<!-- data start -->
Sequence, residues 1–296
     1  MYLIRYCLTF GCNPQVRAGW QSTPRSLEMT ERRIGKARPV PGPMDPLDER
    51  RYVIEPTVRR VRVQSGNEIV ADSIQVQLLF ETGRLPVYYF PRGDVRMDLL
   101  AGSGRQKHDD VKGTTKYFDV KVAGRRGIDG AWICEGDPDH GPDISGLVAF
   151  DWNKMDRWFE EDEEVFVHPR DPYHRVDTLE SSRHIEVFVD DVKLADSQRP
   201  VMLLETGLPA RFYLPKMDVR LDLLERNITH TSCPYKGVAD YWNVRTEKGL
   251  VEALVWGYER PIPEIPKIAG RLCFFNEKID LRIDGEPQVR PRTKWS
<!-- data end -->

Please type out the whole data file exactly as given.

Sequence, residues 1–296
     1  MYLIRYCLTF GCNPQVRAGW QSTPRSLEMT ERRIGKARPV PGPMDPLDER
    51  RYVIEPTVRR VRVQSGNEIV ADSIQVQLLF ETGRLPVYYF PRGDVRMDLL
   101  AGSGRQKHDD VKGTTKYFDV KVAGRRGIDG AWICEGDPDH GPDISGLVAF
   151  DWNKMDRWFE EDEEVFVHPR DPYHRVDTLE SSRHIEVFVD DVKLADSQRP
   201  VMLLETGLPA RFYLPKMDVR LDLLERNITH TSCPYKGVAD YWNVRTEKGL
   251  VEALVWGYER PIPEIPKIAG RLCFFNEKID LRIDGEPQVR PRTKWS